Today is the Memorial of Pope Saint Sixtus II and his companions. Sixtus (or Xystus) was Bishop of Rome during the time of the emperor Valerian, who waged an all-out persecution against the Christian faithful. On August 6, A.D. 258, Sixtus was celebrating Mass at the catacombs of Saint Calixtus with four of his seven deacons, when the emperor’s soldiers entered and killed them. Another of his deacons, Lawrence, would be killed a few days later following a stunning act of defiance (he is the only deacon to be honored with a Feast).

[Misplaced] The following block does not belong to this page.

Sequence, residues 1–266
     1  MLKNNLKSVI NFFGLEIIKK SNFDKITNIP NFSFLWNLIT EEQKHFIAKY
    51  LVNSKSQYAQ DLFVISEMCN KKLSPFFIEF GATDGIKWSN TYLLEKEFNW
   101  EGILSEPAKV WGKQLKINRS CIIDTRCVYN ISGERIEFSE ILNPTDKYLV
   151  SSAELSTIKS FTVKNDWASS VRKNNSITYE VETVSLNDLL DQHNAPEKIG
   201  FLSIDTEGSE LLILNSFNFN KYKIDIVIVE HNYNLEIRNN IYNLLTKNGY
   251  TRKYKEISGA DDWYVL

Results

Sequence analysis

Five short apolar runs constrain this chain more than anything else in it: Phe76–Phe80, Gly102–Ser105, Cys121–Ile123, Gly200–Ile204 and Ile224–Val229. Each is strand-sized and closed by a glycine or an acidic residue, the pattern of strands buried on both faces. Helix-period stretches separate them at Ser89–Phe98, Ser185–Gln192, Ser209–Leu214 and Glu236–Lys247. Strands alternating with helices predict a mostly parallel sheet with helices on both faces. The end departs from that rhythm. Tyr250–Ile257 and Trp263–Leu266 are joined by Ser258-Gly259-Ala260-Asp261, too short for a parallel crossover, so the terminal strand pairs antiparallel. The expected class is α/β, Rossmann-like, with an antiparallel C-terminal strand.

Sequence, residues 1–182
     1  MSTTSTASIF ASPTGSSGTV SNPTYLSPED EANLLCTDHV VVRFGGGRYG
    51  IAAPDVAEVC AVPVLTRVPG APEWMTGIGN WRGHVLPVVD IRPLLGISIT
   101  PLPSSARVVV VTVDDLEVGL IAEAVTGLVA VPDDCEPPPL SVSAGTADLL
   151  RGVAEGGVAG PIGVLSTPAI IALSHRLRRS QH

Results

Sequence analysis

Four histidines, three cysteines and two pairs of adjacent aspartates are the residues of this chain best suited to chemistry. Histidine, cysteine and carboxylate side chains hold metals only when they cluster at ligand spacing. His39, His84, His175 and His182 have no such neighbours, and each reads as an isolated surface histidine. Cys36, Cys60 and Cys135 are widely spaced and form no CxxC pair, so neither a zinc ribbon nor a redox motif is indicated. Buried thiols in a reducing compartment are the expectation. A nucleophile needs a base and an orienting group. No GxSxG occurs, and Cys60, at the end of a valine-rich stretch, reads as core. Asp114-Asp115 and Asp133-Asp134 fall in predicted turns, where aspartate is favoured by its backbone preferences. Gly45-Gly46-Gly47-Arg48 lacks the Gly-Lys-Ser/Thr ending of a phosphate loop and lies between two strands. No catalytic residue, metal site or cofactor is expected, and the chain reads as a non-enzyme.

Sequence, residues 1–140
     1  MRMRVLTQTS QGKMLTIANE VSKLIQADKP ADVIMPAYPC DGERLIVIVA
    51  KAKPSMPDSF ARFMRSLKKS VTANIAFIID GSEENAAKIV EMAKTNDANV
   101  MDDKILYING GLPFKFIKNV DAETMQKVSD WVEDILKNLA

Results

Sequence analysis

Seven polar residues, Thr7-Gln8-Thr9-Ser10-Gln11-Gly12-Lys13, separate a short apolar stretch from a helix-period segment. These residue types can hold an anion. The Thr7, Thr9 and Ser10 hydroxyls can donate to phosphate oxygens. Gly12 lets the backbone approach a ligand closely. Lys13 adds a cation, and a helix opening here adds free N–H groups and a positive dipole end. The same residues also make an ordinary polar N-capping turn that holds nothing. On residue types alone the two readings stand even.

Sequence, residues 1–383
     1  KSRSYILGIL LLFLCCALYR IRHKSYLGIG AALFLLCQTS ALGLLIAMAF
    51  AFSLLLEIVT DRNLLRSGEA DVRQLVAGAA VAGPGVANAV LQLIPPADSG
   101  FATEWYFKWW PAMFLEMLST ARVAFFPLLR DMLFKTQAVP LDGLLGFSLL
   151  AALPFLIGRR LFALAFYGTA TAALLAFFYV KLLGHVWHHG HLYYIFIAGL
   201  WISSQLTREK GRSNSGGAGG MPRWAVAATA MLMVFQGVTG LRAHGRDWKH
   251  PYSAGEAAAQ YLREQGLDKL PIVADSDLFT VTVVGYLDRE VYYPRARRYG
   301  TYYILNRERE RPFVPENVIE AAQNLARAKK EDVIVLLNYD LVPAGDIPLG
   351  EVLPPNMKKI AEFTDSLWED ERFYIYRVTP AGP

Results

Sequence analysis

We know of their fate primarily from a letter written by Saint Cyprian, who would himself be killed not long thereafter, to a fellow bishop named Successus. I am including my meager translation of that letter below. I would ask that, as you read it, you please think of those Christians suffering religious persecution today, and recognize the mindset that accompanies it on both sides. I don’t mean the simple humiliation that Christians in the West endure at the hands of secular humanist relativism (not to mention each other); I’m thinking of those at odds with the government in Sudan and Syria, those being wiped out or forced to flee in Iraq by the radical Islamic caliphate, and those trapped in Gaza and unable to evacuate. I pray such extreme persecution never develops here, but rather ends everywhere. Continue reading